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GRAZ [GRATZ]

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Originally appearing in Volume V12, Page 395 of the 1911 Encyclopedia Britannica.
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GRAZ [GRATZ], the capital of the Austrian duchy and crown-land of Styria, 14o m. S.W. of Vienna by rail. Pop. (1900) 138,370. It is picturesquely situated on both banks of the Mur, just where this river enters a broad and fertile valley, and the beauty of its position has given rise to the punning French description, La Ville des graces sur la riviere de l'amour. The main town lies on the left bank of the river at the foot of the Schloss-berg (1545 ft.) which dominates the town. The beautiful valley traversed by the Mur, known as the Grazer Feld and bounded by the Wildonerberge, extends to the south; to the S.W. rise the Bacher Gebirge and the Koralpen; to the N. the Schockel (4745 ft.), and to the N.W. the Alps of Upper Styria. On the Schlossberg, which can be ascended by a cable tramway, beautiful parks have been laid out, and on its top is the bell-tower, 6o ft. high, and the quaint clock-tower, 52 ft. high, which bears a gigantic clock-dial. At the foot of the Schlossberg is the Stadt-Park. Among the numerous churches of the city the most important is the cathedral of St Aegidius, a Gothic building erected by the emperor Frederick III. in 1450–1462 on the site of a previous church mentioned as early as 1157. It has been several times modified and redecorated, more particularly in 1718. The present copper spire dates from 1863. The interior is richly adorned with stained-glass windows of modern date, costly shrines, paintings and tombs. In the immediate neighbourhood of the cathedral is the mausoleum church erected by the emperor Ferdinand II. Worthy of mention also are the parish church, a Late Gothic building, finished in 1520, and restored in 1875, which possesses an altar piece by Tintoretto; the Augustinian church, appropriated to the service of the university since 1827; of the " fount of tears," and his characteristic melancholy, except in the few hours when it was indeed black, was not a pitiable state; rather, it was one secret of the charm both of the man and of the poet. A very complete bibliography of Gray will be found in Dr. Bradshaw's edition of the poems in the Aldine series. Dodsley published ten of the poems, exclusive of the " Long Story," in 1768. Mason's Life of Gray (1778) included the poems and some hitherto unpublished fragments, with a selection from his letters, much garbled. Mathias in 1814 reprinted Mason's edition and added much from Gray's MS. commentaries together with some more of his translations. The most exhaustive edition of Gray's writings was achieved by the Rev. John Mitford, who first did justice to the correspondence with Wharton and Norton Nicholls (5 vols., Pickering, 1836–1843; correspondence of Gray and Mason, Bentley, 1853) ; see also the edition of the works by Edmund Gosse (4 vols. 1884) ; the Life by the same in Eng. Men of Letters (2nd ed., 1889); some further relics are given in Gray and His Friends by D. C. Tovey (Cambridge, 1890) ; and a new edition of the letters copiously annotated by D. C. Tovey is in the Standard Library (19oo–19o7). Nicholl's Illustrations, vol. vi. p. 805, quoted by Professor Kittredge in the Nation, Sept. 12th, 1900, gives the true story of Gray's migration to Pembroke College. Matthew Arnold's essay on Gray in Ward's English Poets is one of the minor classics of literary criticism. (D. C. To.)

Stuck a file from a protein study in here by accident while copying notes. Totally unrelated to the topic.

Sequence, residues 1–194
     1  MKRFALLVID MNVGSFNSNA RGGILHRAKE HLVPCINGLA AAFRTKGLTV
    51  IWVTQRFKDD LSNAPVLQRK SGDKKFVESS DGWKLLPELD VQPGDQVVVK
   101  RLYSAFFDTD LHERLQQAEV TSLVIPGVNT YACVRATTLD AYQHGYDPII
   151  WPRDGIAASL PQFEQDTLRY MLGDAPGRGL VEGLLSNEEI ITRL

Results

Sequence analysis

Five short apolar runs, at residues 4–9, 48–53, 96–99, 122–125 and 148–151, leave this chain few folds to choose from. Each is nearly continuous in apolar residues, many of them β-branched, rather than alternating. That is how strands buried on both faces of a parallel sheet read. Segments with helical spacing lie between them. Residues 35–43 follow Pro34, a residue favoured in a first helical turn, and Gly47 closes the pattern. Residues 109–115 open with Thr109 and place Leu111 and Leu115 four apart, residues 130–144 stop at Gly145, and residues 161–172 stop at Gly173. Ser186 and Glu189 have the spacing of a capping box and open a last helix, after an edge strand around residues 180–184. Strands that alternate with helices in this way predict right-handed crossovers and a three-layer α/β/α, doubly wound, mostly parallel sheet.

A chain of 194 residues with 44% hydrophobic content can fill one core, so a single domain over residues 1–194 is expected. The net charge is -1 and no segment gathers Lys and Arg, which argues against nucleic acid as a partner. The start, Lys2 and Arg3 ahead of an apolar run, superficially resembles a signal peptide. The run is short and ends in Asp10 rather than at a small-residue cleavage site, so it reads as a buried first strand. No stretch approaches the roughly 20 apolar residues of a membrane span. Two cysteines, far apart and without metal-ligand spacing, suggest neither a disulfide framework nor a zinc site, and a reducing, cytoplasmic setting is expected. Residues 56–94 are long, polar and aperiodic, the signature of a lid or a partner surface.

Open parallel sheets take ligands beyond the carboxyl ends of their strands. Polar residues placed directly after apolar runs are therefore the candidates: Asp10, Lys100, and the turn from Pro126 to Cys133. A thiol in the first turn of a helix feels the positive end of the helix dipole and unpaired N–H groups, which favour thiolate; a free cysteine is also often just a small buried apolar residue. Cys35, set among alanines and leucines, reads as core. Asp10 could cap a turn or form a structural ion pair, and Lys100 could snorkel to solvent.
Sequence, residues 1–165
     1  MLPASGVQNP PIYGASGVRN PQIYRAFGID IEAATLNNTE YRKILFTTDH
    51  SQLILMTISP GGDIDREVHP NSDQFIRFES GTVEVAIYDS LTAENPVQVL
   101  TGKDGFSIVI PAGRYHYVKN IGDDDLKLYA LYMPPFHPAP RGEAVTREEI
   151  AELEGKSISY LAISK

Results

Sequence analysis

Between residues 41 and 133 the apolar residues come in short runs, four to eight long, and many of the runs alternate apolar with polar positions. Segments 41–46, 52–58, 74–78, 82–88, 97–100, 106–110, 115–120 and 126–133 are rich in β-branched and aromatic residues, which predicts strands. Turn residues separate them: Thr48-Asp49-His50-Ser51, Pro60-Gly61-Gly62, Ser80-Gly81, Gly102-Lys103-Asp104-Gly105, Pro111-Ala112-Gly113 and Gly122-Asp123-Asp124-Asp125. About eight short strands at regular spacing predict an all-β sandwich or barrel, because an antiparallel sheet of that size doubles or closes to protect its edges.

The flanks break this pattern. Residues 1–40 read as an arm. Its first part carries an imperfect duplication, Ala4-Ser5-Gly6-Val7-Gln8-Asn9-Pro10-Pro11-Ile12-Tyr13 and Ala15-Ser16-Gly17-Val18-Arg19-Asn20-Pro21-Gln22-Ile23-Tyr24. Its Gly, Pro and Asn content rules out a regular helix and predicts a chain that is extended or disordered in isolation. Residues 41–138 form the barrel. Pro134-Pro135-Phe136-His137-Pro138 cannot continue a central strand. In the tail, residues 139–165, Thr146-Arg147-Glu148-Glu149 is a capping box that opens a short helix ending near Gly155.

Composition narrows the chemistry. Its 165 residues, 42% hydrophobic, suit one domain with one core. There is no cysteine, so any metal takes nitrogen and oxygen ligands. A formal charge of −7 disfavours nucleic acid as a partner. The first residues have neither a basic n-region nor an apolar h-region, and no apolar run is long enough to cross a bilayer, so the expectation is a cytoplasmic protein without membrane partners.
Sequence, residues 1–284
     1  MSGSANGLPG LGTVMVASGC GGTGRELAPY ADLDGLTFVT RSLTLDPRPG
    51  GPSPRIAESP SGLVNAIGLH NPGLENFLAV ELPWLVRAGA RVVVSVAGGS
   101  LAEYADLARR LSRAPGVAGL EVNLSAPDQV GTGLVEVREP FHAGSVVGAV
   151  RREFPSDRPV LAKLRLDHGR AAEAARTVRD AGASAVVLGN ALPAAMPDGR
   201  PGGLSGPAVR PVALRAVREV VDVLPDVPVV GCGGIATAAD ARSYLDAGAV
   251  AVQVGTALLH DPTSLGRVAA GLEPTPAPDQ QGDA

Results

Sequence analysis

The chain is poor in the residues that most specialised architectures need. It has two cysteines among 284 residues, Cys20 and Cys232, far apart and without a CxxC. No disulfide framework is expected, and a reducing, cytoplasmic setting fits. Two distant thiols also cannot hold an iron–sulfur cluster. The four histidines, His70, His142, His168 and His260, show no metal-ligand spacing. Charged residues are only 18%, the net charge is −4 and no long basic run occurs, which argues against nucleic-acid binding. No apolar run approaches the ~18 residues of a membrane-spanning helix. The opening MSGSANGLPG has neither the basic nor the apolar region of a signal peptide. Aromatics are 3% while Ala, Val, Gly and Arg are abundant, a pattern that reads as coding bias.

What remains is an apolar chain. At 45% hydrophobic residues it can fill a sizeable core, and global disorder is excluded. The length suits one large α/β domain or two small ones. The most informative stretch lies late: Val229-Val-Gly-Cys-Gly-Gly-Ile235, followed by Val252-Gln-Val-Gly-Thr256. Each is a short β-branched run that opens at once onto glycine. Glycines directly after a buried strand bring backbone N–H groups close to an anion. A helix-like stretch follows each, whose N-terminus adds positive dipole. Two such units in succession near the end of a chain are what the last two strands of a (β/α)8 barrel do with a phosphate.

End of Article: GRAZ [GRATZ]
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